SAG-AFTRA and WGA West Come Out in Support of Actress’ Appeal in Lawsuit Against IMDb

SAG-AFTRAThough Huong “Junie” Hoang lost her lawsuit against IMDb back in April, Hoang has since filed an appeal.  Joining her in solidarity are SAG-AFTRA and Writers Guild of America, West, which filed an amicus brief to support her appeal.

Hoang’s case began as a lawsuit over IMDb posting her actual birth date on its website despite Hoang claiming professionally that she was seven years younger.  Hoang argued that IMDb’s revelation of her true age hurt her career because of rampant ageism in the entertainment industry.  However, Hoang’s earlier accusations of age discrimination were tossed out because the judge did not believe IMDb (and its parents company, Amazon) could be held responsible for any age discrimination in the film industry as a whole.  The trial ended up focusing on whether or not IMDb improperly used Hoang’s credit card information to find her actual birth date, which would be a violation of the comapny’s own user agreement.  The lawyers for IMDb simply argued that the website was doing its job of providing accurate information despite Hoang’s multiple attempts of trying to change or remove her birth date from the site (including using a fake passport and ID card), and that the information came from a third-party website.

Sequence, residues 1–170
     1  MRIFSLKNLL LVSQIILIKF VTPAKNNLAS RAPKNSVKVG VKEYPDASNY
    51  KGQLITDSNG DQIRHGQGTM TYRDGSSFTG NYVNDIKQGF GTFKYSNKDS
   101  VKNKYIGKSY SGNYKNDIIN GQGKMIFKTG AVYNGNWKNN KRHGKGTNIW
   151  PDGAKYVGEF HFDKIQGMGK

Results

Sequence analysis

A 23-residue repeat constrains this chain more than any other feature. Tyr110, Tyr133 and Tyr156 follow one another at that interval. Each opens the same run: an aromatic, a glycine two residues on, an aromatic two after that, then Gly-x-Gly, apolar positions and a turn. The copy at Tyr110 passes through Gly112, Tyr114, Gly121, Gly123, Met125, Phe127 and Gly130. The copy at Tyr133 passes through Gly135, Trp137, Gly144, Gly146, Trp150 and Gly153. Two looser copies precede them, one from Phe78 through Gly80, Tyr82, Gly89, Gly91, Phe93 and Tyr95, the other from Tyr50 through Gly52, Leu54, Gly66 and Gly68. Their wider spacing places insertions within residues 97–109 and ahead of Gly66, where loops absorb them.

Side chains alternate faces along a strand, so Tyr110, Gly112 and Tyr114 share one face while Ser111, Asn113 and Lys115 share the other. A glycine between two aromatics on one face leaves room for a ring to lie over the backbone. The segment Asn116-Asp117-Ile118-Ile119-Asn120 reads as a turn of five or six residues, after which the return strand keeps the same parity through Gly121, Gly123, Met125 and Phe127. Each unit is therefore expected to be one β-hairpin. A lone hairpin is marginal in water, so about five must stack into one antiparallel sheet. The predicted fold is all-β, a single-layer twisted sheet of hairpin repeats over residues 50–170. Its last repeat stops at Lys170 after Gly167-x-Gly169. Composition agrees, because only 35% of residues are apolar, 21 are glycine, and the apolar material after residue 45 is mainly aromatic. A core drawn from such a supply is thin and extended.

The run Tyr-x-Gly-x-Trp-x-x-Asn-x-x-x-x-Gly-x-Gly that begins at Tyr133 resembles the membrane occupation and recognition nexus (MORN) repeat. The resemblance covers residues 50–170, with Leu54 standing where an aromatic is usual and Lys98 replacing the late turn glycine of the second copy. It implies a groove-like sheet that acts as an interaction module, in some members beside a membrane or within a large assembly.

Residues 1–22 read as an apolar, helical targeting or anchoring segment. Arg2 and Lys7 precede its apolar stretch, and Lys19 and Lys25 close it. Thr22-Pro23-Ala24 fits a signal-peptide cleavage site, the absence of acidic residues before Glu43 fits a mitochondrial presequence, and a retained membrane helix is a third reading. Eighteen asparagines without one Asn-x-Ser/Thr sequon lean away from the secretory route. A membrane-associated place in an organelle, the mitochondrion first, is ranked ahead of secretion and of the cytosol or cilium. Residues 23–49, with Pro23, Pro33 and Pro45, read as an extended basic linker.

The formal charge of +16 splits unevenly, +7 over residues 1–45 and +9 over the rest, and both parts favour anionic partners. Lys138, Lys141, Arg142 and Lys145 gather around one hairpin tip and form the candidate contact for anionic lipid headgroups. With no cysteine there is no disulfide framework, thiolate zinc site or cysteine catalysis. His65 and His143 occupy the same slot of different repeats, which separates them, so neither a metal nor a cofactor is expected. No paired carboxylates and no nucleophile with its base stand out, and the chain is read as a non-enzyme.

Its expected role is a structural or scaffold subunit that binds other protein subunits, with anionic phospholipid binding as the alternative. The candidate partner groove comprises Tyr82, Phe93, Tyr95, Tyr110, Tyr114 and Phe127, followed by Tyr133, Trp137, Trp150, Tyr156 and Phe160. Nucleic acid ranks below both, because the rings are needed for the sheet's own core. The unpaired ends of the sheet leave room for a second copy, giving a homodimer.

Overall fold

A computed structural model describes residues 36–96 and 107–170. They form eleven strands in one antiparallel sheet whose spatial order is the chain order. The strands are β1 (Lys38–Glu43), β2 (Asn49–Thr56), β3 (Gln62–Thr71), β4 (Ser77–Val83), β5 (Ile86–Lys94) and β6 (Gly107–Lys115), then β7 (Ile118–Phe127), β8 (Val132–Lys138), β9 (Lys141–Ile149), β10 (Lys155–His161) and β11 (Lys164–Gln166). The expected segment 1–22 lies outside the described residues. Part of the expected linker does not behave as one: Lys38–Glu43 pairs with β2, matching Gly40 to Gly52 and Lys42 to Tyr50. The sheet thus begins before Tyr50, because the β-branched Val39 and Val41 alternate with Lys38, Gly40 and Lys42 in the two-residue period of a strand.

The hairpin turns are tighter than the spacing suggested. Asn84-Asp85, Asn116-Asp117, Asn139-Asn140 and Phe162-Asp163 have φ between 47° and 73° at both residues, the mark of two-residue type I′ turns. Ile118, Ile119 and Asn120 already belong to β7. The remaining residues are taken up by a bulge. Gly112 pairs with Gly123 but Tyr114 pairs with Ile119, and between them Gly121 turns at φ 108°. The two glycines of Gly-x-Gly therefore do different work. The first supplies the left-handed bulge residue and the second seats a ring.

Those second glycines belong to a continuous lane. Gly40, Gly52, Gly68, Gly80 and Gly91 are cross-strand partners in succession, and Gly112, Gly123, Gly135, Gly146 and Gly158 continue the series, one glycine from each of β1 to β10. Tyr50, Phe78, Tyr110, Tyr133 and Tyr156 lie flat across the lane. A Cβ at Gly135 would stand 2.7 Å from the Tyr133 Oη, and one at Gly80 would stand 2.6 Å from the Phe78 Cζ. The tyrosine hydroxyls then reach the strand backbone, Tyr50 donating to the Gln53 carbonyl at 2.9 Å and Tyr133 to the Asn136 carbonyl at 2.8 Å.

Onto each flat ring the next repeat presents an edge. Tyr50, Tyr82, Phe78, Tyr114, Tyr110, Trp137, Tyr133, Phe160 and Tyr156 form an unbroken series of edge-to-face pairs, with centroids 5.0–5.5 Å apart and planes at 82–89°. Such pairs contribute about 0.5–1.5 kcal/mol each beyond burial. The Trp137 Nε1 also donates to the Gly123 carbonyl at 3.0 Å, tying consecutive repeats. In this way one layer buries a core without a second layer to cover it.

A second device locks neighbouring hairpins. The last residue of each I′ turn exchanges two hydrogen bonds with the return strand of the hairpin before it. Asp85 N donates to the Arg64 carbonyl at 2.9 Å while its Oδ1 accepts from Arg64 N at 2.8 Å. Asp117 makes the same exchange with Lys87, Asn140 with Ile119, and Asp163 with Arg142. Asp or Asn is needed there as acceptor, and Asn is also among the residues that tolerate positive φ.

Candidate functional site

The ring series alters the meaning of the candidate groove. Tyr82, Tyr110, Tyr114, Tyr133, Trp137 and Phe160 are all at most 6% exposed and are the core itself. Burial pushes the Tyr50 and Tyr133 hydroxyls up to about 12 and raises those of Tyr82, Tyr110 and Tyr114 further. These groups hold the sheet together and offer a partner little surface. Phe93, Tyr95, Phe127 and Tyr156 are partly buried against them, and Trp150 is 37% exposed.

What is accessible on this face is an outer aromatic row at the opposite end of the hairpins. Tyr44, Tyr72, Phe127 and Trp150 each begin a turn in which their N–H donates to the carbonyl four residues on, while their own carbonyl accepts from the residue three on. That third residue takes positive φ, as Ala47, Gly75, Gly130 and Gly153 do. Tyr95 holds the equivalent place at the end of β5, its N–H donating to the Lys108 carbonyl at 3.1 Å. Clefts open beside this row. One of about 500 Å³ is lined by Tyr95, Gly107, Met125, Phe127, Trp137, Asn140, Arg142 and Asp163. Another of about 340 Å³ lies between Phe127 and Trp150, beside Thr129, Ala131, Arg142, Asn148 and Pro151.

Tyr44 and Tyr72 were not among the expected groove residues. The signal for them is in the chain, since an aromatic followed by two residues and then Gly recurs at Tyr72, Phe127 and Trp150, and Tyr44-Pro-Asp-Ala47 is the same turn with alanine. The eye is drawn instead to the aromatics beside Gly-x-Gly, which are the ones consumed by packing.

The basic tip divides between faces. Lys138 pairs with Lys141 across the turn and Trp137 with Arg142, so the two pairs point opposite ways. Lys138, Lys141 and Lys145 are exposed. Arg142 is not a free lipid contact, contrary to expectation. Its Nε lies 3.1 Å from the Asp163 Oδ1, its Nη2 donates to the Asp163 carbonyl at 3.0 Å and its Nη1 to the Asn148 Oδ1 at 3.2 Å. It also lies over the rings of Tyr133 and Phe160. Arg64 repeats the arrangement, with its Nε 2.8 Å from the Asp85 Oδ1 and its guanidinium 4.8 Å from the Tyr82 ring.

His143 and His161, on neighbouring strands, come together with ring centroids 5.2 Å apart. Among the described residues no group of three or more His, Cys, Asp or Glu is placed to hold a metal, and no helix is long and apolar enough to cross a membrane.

Huang-(Junie)-HoangIn the official joint statement, SAG-AFTRA and WGA West argues that IMDb’s “public exposure of personal information can be used for improper purposes and ultimately places members at risk for identity theft and the perpetration of scams” and that “There is also strong evidence that IMDb’s publication of birthdates in this manner actively encourages and facilitates age discrimination in the casting and hiring process.”  Finally, the statement points out that entertainers “have little choice but to engage with IMDb to manage their reputation as embodied within IMDb’s database.”

It’s curious that the SAG-AFTRA and WGA West statement echos some of the points the judge threw out in the original trial.  Hoang was unable to prove that IMDb’s posting of her birth date hurt her professionally (IMDb’s lawyers used her tax returns to show that she did not have significant loss of income after the date was posted), so the “strong evidence” that the statement cites is likely from another source.  It would be interesting to see this information, but again begs the question or whether IMDb is being used as a scapegoat for Hollywood’s long-time issues with aging actors and actresses.

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